Sourav Ganguly, Jay Shah on alert: Supreme court to take up plea on amendment to BCCI constitution
Sourav Ganguly and Jay Shah had earlier claimed the end of the "cooling-off" period to earn further extension in their roles.
The Supreme Court of India, the highest law body of the country, is set to hear the case that puts BCCI president Sourav Ganguly and board secretary Jay Shah right under the scanner. The SC will be hearing the case of an amendment to the "cooling-off" regulation for officials in the BCCI constitution.
The hearing to be held on Tuesday (September 6) is the result of a plea made to the apex body in relation to BCCI and state association office-bearers seeking the end of the cooling-off rule in the board constitution.
Headed by Chief Justice UU Lalit, the SC bench has said there is no "administrative order" on the matter yet and that "it will see it on the issue of listing the matter", reported the PTI.
"Solicitor General Tushar Mehta on Friday (September 2) mentioned that there is an intervening application in the BCCI matter and urged the court to list it next week," the report further mentioned.
Mehta is understood to have also apprised the court about an order passed by ex CJI NV Ramana and also said that the matter will be heard via a bench headed by DV Chandrachud.
Ganguly, Shah under Supreme Court spotlight
Now a plea seeking "early listing" of the BCCI case was mentioned before the Chandrachud-headed bench, "which then asked the counsel to mention it before the CJI bench for the constitution of the bench."
In the most recent update on the BCCI matter, on August 24, the SC had said that a bench headed by Justice Chandrachud will be hearing the plea in relation to the case of BCCI administration. The court observed that Chandrachud was part of the bench which had passed an earlier order in the matter.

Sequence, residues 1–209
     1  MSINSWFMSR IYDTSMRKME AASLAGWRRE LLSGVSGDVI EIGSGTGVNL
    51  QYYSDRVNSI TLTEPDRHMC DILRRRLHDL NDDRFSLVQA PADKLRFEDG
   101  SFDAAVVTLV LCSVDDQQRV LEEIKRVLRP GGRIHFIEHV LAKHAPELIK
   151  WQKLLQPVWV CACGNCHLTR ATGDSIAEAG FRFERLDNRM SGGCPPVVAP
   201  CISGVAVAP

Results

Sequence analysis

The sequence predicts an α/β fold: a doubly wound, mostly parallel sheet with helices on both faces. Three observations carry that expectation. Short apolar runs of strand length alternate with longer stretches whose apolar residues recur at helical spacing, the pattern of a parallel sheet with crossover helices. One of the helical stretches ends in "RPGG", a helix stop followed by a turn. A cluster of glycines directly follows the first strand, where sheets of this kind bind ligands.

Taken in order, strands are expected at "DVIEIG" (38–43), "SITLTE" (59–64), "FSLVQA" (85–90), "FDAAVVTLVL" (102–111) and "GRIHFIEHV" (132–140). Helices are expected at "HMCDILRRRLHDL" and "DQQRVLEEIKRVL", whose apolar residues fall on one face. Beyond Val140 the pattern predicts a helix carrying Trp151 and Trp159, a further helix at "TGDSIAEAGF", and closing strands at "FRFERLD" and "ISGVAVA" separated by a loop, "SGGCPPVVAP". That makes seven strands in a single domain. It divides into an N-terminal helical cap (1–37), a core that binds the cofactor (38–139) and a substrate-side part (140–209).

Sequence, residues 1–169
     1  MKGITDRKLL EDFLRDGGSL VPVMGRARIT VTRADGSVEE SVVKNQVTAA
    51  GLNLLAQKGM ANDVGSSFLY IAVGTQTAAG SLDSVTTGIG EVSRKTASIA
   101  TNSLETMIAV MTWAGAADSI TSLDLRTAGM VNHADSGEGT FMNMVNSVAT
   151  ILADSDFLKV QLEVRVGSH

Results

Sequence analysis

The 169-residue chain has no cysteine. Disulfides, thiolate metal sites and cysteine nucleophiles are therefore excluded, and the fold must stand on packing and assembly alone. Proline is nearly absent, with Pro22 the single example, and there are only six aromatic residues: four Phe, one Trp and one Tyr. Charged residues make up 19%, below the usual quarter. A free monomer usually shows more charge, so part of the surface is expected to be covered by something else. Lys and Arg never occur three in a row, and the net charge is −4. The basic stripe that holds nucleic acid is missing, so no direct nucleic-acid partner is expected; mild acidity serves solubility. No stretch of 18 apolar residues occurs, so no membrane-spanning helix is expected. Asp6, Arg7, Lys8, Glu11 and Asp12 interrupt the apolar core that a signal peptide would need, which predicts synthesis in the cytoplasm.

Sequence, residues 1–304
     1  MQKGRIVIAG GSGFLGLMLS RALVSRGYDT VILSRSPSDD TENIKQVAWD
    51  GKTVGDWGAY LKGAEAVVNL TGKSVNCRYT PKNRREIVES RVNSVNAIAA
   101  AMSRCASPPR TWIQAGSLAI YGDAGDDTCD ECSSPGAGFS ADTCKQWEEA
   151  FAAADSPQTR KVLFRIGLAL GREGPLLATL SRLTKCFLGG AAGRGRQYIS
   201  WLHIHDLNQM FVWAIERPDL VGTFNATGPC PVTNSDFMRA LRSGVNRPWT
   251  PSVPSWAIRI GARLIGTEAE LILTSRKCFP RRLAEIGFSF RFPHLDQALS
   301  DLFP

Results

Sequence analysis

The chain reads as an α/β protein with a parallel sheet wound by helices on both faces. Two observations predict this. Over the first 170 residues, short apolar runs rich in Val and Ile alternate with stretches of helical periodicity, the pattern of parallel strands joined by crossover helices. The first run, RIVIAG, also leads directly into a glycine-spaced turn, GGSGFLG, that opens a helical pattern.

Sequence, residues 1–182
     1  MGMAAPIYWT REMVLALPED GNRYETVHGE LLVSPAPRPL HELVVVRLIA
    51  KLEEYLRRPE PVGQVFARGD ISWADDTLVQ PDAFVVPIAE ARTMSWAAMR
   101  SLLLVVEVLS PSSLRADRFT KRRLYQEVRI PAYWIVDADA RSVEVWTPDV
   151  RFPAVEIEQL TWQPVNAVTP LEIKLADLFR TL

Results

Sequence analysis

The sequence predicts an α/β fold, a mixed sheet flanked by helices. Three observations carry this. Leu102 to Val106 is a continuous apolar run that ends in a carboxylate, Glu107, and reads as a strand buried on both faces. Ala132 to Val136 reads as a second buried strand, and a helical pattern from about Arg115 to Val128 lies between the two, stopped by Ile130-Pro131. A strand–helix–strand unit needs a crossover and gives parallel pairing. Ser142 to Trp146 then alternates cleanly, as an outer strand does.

The court had heard a petition pertinent to the amendments in the BCCI constitution, with the cooling-of period being the main bone of contention for some of Indian cricket's biggest names.
The BCCI had filed a plea to the Supreme Court, with permission sought from the apex body to change this regulation for its president, secretary and other office-bearers. The board was also seeking extension to the terms of Ganguly and Shah since their workings were affected by the height of the Covid-19 break.
As is known, the cooling-off period adopted in the BCCI consitution under SC's supervision after the Lodha committee recommendations commands office-bearers to undergo a mandatory three-year break from holding any post in the board or its state association after the completion of their tenure. The maximum an office-bearer can hold office consecutively is six years.
The BCCI office-bearers want an end to this rule since it leaves them with a negligible part to play in Indian cricket's workings, neither at the international level nor domestically, for three years after they are done with their tenure.
The tenures of both Shah and Ganguly are set to conclude in September 2022 as they came on board in their respective positions within the BCCI in September 2019.
Prior to this three-year period, they were part of their respective state associations. While Ganguly had held the president post with the Cricket Association of Bengal (CAB) from 2014 onwards, Shah was an office-bearer in Gujarat Cricket Association (GCA) from 2013.